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The Smugglers' WorldIllicit Trade and Atlantic Communities in Eighteenth-Century Venezuela$
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Jesse Cromwell

Print publication date: 2018

Print ISBN-13: 9781469636887

Published to North Carolina Scholarship Online: September 2019

DOI: 10.5149/northcarolina/9781469636887.001.0001

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PRINTED FROM UNIVERSITY OF NORTH CAROLINA PRESS SCHOLARSHIP ONLINE (www.northcarolina.universitypressscholarship.com). (c) Copyright University of North Carolina Press, 2019. All Rights Reserved. An individual user may print out a PDF of a single chapter of a monograph in NCSO for personal use.date: 13 October 2019

New Cures

New Cures

The Caracas Company, the Crown, and Commercial Control

Chapter:
(p.88) 3 New Cures
Source:
The Smugglers' World
Author(s):

Jesse Cromwell

Publisher:
University of North Carolina Press
DOI:10.5149/northcarolina/9781469636887.003.0005

Chapter 3 examines the creation and administration of the Caracas Company as an organization designed to increase trade to Venezuela but also to police its coastline. Although realizations of Spanish commercial vulnerabilities predated the Bourbon period, bureaucrats in the new dynasty singled out contraband trade as an especially troubling defect. Venezuelan commercial rejuvenation represented one of the earliest Bourbon reform projects. Crown ministers conceived of the Caracas Company as a solution to the province’s commercial dysfunction. Madrid allowed the Caracas Company to maintain its commercial privileges in Venezuela despite prickly relations with the colony’s subjects because it was a profitable enterprise. This reality delayed the implementation of comercio libre reforms in Venezuela until 1789, long after every Spanish American colony aside from New Spain had been permitted trade liberalization. Essentially, an early Bourbon reform had overpowered the designs of later ones. Continued Company control assured that the province would remain a conflict zone. As this chapter emphasizes, imperial reformers were not ignorant or inflexible where smuggling was concerned. Rather, their plans miscalculated how deeply it was stitched into the fabric of Venezuelan life.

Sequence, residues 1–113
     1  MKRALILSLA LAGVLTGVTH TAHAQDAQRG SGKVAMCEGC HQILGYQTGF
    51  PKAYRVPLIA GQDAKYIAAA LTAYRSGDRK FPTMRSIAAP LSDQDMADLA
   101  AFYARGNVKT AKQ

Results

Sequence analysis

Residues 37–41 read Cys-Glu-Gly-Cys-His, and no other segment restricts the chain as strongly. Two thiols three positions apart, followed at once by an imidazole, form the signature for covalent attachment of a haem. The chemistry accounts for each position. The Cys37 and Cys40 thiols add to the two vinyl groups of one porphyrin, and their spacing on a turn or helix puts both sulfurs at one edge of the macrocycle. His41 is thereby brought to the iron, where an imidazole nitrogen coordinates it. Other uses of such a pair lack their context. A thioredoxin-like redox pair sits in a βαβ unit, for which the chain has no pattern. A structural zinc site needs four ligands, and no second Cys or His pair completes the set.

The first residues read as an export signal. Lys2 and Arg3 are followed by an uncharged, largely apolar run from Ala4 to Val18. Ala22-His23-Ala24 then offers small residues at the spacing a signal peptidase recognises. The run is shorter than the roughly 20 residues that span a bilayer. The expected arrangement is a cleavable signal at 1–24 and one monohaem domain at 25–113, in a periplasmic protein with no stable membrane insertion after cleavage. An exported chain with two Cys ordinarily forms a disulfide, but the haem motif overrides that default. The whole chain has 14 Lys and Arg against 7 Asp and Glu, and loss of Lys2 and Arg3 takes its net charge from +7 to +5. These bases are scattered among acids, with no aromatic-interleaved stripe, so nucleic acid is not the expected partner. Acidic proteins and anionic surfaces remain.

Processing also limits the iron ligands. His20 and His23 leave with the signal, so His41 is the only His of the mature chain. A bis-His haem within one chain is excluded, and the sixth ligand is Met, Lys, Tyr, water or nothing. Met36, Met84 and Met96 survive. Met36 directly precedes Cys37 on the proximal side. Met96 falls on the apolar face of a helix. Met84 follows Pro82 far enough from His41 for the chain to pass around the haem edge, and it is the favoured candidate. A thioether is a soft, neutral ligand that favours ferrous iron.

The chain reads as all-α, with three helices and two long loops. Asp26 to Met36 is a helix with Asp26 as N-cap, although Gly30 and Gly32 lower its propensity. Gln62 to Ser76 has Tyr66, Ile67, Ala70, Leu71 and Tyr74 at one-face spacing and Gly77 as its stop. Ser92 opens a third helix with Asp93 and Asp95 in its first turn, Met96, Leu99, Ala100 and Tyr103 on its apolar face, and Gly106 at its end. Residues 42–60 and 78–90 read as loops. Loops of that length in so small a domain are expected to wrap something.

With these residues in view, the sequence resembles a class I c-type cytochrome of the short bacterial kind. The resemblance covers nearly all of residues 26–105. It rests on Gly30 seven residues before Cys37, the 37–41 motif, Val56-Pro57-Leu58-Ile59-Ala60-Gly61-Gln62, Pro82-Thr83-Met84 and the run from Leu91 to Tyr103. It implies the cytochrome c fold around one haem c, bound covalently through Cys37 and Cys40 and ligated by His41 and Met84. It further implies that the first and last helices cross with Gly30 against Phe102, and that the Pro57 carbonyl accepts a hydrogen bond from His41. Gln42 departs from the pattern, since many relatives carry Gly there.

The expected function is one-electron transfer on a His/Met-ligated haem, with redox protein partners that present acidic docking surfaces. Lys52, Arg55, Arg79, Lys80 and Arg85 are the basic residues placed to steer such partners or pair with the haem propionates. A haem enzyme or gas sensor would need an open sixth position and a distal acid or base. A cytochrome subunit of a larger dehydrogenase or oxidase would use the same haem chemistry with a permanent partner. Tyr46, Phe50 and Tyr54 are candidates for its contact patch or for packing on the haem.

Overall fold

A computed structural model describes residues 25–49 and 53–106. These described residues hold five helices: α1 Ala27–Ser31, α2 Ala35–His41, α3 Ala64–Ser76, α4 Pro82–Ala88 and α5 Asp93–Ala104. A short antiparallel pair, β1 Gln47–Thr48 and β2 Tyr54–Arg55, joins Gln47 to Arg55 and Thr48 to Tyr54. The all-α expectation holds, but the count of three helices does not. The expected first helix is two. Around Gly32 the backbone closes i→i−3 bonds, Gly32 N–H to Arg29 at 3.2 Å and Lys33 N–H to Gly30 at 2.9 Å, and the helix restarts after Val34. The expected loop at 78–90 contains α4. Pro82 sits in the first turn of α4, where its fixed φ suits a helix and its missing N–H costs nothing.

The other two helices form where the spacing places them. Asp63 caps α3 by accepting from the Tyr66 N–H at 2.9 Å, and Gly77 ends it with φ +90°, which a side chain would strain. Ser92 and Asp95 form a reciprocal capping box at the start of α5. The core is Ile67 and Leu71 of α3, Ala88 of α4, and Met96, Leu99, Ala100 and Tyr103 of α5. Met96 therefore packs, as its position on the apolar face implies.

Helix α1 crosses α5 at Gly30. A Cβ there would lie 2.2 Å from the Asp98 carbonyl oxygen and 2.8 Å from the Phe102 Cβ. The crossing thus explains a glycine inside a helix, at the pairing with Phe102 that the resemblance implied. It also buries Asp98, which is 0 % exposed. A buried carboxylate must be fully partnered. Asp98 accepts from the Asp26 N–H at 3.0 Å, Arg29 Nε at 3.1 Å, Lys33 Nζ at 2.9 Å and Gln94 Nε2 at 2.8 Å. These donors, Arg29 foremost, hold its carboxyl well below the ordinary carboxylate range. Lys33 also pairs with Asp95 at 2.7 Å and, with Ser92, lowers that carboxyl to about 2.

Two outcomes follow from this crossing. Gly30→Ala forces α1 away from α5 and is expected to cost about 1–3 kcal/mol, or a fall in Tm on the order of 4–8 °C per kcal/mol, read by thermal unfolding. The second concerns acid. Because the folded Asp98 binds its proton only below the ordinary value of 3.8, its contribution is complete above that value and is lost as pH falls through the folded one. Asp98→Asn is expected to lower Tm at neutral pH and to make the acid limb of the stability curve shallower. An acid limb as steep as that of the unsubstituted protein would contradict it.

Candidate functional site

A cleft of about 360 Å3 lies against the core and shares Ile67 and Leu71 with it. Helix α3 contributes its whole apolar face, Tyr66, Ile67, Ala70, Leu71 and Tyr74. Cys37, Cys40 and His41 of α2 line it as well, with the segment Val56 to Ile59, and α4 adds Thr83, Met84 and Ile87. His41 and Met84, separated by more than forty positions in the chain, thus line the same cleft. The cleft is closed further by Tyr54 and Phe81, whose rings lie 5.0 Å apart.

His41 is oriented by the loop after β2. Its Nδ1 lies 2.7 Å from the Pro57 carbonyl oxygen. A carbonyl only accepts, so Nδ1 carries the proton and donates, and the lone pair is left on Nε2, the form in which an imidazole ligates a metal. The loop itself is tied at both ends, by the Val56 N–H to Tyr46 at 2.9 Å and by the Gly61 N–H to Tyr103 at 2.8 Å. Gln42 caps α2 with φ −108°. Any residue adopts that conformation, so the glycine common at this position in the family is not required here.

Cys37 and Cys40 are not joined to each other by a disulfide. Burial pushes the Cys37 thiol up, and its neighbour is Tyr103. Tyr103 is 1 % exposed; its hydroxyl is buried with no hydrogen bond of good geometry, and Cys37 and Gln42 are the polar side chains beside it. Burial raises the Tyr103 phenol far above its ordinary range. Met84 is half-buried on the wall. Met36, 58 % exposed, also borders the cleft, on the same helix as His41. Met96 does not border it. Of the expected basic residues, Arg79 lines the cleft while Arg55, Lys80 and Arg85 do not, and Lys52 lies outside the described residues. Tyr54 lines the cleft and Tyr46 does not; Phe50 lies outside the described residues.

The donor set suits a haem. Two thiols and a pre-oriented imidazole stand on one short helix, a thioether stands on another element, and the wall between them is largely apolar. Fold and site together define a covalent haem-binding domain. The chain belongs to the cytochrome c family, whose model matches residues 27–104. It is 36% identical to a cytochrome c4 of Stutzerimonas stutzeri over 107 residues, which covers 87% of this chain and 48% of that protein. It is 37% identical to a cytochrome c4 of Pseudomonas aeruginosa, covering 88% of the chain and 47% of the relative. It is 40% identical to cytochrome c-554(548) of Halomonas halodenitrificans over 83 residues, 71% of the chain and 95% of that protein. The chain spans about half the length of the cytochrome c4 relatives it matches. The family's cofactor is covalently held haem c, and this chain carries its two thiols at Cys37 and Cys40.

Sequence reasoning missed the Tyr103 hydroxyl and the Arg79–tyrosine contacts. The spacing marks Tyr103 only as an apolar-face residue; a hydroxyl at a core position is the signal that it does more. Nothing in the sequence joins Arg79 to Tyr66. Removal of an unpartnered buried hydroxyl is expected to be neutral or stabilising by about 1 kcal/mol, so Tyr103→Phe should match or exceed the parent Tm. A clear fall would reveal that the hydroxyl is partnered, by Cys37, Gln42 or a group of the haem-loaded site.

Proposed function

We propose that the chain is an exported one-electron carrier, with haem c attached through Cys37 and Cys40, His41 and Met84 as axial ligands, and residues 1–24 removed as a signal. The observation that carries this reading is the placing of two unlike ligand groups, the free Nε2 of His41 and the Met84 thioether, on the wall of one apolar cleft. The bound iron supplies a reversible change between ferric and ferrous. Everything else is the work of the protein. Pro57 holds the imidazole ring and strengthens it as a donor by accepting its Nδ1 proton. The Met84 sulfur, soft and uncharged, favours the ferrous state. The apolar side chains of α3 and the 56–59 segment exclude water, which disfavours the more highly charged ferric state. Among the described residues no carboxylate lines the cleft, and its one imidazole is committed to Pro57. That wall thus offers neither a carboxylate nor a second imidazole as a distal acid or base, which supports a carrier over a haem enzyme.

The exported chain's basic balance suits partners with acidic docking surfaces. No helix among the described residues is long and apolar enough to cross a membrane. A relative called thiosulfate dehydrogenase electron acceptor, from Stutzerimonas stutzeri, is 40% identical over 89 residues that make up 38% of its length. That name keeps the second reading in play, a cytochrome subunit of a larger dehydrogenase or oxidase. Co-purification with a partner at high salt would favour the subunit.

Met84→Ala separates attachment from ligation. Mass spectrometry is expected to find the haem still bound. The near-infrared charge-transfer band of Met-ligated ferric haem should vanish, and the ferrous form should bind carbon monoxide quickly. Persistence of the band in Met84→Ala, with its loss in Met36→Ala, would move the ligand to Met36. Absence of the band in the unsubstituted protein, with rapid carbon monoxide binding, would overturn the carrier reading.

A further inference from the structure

Keywords:   Free Trade, Caracas Company, Bourbon Reforms, Imperial Reform, Colonial Elites, Colonial Bureaucracy, Trade Monopoly, Pedro José de Olavarriaga

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